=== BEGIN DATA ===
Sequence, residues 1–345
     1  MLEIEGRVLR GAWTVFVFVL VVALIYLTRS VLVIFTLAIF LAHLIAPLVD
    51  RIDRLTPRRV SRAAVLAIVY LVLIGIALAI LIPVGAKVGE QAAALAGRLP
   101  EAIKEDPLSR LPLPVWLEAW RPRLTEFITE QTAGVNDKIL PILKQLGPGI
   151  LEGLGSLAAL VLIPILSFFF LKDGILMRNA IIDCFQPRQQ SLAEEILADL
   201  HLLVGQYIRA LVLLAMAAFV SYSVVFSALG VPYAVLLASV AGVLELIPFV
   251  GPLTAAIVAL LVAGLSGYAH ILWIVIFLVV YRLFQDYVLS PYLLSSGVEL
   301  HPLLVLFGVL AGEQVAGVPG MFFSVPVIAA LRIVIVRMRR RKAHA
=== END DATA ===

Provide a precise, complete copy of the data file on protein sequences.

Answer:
Sequence, residues 1–345
     1  MLEIEGRVLR GAWTVFVFVL VVALIYLTRS VLVIFTLAIF LAHLIAPLVD
    51  RIDRLTPRRV SRAAVLAIVY LVLIGIALAI LIPVGAKVGE QAAALAGRLP
   101  EAIKEDPLSR LPLPVWLEAW RPRLTEFITE QTAGVNDKIL PILKQLGPGI
   151  LEGLGSLAAL VLIPILSFFF LKDGILMRNA IIDCFQPRQQ SLAEEILADL
   201  HLLVGQYIRA LVLLAMAAFV SYSVVFSALG VPYAVLLASV AGVLELIPFV
   251  GPLTAAIVAL LVAGLSGYAH ILWIVIFLVV YRLFQDYVLS PYLLSSGVEL
   301  HPLLVLFGVL AGEQVAGVPG MFFSVPVIAA LRIVIVRMRR RKAHA